What is remarkable about this film is its ability to create a feeling of unease, even dread, from seemingly innocuous scenes, like two men trying to catch a train. The purity of sound and picture establishes the ambience at a railway station in the dead of night in Punjab. The two men force their way into a train to Amritsar that is supposed to go empty. It is the 1980s, militancy is at its height in the State, and Hindus do not trust Sikhs; Sikhs do not trust each other. The guard of the train finally lets the men on board, but says he is doing it under duress and anything can happen on an empty train. No one is to be trusted.
This story leads us to the second, in rural Punjab, where farm holders are torn in two by the insurgents and the security forces. As part of the Sikh community and as adherents of the religious scriptures to which they are beholden, they must not betray their brother militants who follow the same texts with even greater devotion, and who are ready for sacrifice, including martyrdom in the name of the text. In other words, Punjab, at that time, would be a familiar scenario to us today, in many parts of South Asia and the world, where religion and militant insurgency have got inextricably mixed up, tearing families and neighbours apart.
In this sense, Chauthi Koot is a prescient and contemporary film. The central character, Joginder (Suvinder Vicky), holds his farm and his large family of young, elderly and the middle-aged together. Tommy, the dog, is the umbilical cord of the family. He is the only one whose sense of loyalty is never in doubt, never tested. Unfortunately, there is an order from the militants to kill barking dogs at farms, because they betray their positions in the fields to the security forces. Joginder, who calls Tommy puttar (son), is loathe to do so and keeps procrastinating the decision.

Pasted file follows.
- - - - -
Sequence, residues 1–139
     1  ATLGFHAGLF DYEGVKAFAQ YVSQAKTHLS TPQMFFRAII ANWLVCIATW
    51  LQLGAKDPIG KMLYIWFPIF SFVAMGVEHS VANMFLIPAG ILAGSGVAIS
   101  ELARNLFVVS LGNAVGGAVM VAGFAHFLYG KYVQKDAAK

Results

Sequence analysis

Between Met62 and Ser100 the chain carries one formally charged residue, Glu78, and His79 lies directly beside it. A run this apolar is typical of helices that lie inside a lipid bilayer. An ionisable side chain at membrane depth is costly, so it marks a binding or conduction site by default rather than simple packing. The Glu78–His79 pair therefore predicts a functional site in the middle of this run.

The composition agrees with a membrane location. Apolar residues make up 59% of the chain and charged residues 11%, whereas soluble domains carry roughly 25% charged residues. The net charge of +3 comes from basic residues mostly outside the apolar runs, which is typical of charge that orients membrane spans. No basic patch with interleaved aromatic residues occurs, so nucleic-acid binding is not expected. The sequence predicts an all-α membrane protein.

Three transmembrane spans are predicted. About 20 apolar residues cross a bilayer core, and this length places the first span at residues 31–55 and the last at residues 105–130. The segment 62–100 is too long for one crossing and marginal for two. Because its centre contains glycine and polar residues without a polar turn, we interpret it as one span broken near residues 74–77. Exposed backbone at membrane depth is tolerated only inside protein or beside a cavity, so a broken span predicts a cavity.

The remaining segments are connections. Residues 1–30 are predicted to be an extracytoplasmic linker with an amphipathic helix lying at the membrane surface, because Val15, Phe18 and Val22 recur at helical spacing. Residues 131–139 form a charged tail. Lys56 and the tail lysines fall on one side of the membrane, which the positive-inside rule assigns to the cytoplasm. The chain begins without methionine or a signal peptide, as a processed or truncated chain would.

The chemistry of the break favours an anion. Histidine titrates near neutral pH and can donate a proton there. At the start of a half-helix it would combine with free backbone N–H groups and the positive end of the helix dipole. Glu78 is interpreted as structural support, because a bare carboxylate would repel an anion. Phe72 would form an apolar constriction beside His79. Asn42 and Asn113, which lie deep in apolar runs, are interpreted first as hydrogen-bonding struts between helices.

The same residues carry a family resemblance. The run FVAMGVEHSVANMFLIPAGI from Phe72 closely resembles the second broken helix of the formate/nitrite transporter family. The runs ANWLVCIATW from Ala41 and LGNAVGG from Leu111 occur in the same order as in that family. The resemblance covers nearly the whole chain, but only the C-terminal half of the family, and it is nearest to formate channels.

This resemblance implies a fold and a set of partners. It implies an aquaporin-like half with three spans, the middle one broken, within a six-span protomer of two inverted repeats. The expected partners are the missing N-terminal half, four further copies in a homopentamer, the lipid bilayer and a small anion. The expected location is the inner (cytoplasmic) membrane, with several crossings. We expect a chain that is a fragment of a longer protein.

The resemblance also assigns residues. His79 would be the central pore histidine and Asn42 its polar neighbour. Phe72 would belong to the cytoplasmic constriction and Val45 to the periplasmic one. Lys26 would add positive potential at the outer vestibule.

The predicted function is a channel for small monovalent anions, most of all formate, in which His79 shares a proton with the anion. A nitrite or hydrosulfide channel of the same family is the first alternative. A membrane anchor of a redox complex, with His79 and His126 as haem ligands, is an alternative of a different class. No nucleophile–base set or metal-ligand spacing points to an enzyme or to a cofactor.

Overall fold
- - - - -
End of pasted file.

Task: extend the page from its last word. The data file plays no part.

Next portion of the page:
In the unfettered style of director Gurvinder Singh, we watch a cinema with interminable pauses between conversations and events. in this, we see quite a bit of Mani Kaul’s presentation, particularly scenes from his Uski Roti (1969). Yet Singh sets a much more meaningful pace, and packs in much more content and poignancy through his sound and visual design. He shows us a microcosmic picture of Punjab, while, at the same time, keeping the larger political frame in mind.
As the title of the film, Chauthi Koot, suggests, in the middle of this tragic conflict in Punjab there are four directions possible for ordinary citizens, and each might lead to a conundrum. Three of them are straightforward. You could collaborate with the militants, you could help the security forces or you could stay independent and risk being caught in the crossfire. The fourth direction is suggested at the end of the movie, when the film cuts back to the men on the empty train to Amritsar – withstand the inferno and wait for each other at the end of your journey.
Abbas Kiarostami once said that the films he liked were those that could put you to sleep while watching them, but also kept you awake at night thinking about them. Chauthi Koot is one such film.